Catch up on stories from the past week (and beyond) at the Slashdot story archive


Forgot your password?
Biotech Science

Scientists Aim To Improve Photosynthesis 156

vasanth writes "Two new initiatives at the University of Cambridge aim to address the growing demand on the Earth's resources for food and fuel by improving the process of photosynthesis. Four transatlantic research teams – two of which include academics from Cambridge's Department of Plant Sciences – will explore ways to overcome limitations in photosynthesis which could then lead to ways of significantly increasing the yield of important crops for food production or sustainable bioenergy. Despite the fact that photosynthesis is the basis of energy capture from the sun in plants, algae and other organisms, it has some fundamental limitations. There are trade-offs in nature which mean that photosynthesis is not as efficient as it could be – for many important crops such as wheat, barley, potatoes and sugar beet, the theoretical maximum is only 5%, depending on how it is measured. There is scope to improve it for processes useful to us, for example increasing the amount of food crop or energy biomass a plant can produce from the same amount of sunlight."
This discussion has been archived. No new comments can be posted.

Scientists Aim To Improve Photosynthesis

Comments Filter:
  • Feeding grain to animals in concentrated animal feeding operations [] is stupid. Farms should be run by farmers [], NOT "absentee landlords" (like my dad & his two siblings, who inherited some ~200 acres from their parents. Grandma grew up on her farm, while Grandpa's parents owned their farm but never worked it). From the second link:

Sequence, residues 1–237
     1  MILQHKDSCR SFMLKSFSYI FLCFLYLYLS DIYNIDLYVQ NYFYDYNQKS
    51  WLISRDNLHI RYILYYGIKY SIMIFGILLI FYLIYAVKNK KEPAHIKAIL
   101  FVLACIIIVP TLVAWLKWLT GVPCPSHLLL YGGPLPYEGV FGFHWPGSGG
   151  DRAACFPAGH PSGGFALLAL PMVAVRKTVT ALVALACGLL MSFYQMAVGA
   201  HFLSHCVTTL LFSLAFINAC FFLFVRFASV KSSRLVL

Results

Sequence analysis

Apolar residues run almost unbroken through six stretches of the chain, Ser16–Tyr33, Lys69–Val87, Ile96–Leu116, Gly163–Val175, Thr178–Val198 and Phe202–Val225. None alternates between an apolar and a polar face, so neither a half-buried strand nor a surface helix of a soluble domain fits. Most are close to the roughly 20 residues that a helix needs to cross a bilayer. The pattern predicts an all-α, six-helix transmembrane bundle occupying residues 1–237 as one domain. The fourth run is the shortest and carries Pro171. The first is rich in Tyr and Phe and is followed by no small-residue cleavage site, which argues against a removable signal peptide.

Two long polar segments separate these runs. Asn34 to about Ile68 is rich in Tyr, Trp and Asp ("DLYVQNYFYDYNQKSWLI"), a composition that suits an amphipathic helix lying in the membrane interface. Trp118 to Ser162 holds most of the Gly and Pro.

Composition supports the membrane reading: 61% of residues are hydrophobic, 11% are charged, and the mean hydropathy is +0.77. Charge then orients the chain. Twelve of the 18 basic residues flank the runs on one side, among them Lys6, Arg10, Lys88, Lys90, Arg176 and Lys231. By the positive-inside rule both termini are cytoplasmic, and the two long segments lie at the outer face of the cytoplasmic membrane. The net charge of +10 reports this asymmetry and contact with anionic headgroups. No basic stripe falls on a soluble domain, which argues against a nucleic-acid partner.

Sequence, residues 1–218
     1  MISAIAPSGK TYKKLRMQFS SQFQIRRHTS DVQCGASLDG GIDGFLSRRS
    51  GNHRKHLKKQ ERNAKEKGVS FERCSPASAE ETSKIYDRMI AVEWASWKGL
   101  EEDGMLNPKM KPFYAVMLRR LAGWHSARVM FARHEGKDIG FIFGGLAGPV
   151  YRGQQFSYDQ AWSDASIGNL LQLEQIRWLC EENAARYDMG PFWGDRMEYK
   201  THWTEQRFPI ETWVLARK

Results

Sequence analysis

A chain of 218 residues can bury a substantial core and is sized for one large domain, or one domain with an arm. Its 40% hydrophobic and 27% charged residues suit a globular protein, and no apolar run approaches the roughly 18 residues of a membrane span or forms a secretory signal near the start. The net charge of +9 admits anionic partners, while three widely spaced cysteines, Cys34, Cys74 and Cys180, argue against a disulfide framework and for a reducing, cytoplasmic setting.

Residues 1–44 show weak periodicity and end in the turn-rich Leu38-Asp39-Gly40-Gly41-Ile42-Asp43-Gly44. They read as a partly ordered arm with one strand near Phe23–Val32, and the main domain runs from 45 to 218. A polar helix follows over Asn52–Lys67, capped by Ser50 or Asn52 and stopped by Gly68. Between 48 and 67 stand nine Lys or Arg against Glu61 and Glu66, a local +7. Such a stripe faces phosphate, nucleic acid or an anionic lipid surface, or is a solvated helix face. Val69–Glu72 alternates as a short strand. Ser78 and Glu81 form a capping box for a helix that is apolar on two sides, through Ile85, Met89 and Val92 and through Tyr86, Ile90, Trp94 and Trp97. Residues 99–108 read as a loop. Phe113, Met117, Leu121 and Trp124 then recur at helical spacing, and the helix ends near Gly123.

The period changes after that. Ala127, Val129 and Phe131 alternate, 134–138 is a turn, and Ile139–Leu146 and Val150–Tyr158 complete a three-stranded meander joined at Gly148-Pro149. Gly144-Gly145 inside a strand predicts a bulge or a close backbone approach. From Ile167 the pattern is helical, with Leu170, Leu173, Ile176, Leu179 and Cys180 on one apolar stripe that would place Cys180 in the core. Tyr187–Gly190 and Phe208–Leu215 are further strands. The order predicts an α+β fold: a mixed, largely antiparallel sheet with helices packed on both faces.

And yet it is not impossible to imagine a far different food and farming system than the one we have today, beginning with a long-term commitment to pasture-based farming. Many have been advocating for some time for an ambitious transformation in U.S. agriculture: away from soil-eroding feed grains toward deep-rooted perennial pastures; converting large-areas of the High Plains back to grass and grazing operations; diversifying the corn and soybean dominated Midwest. In fact, thousands of family farmers are managing appropriately-scaled, grass-fed meat, dairy and egg farms without raising animals in vile and sordid conditions. A smart pasture operation (SPO)—to pick up on a new phrase—is one of the easiest entry points for beginning farmers in current U.S. agriculture. Start-up costs are relatively modest and markets for healthfully raised animal products are underserved and growing rapidly. These pasture-based rotational grazing systems can be extremely resource efficient, and often have the advantage of not needing the energy- and capital-intensive inputs such as heating, ventilation, and cooling systems, housing construction, imported industrial feeds, and mechanized manure management systems. They rely on sound animal husbandry techniques and integrate farm animals into a healthy landscape, using manure as a source of soil fertility. But this will require whole new generations of farmers willing to join the ranks of this noble profession, and legions of consumers and an financial and production infrastructure to support them.

    Many of humanity's health problems stem from the inappropriate use of grain crops. Grain-finished cattle have a fraction of the beta carotene and vitamin A as grass-finished beef.

    Feeding cattle directly on land currently used to grow soybeans & corn would be a lot more productive. But I don't think all the "farmers" (who really just hire tenants to plant crops) would approve.

  • Re:New Pigments! (Score:5, Interesting)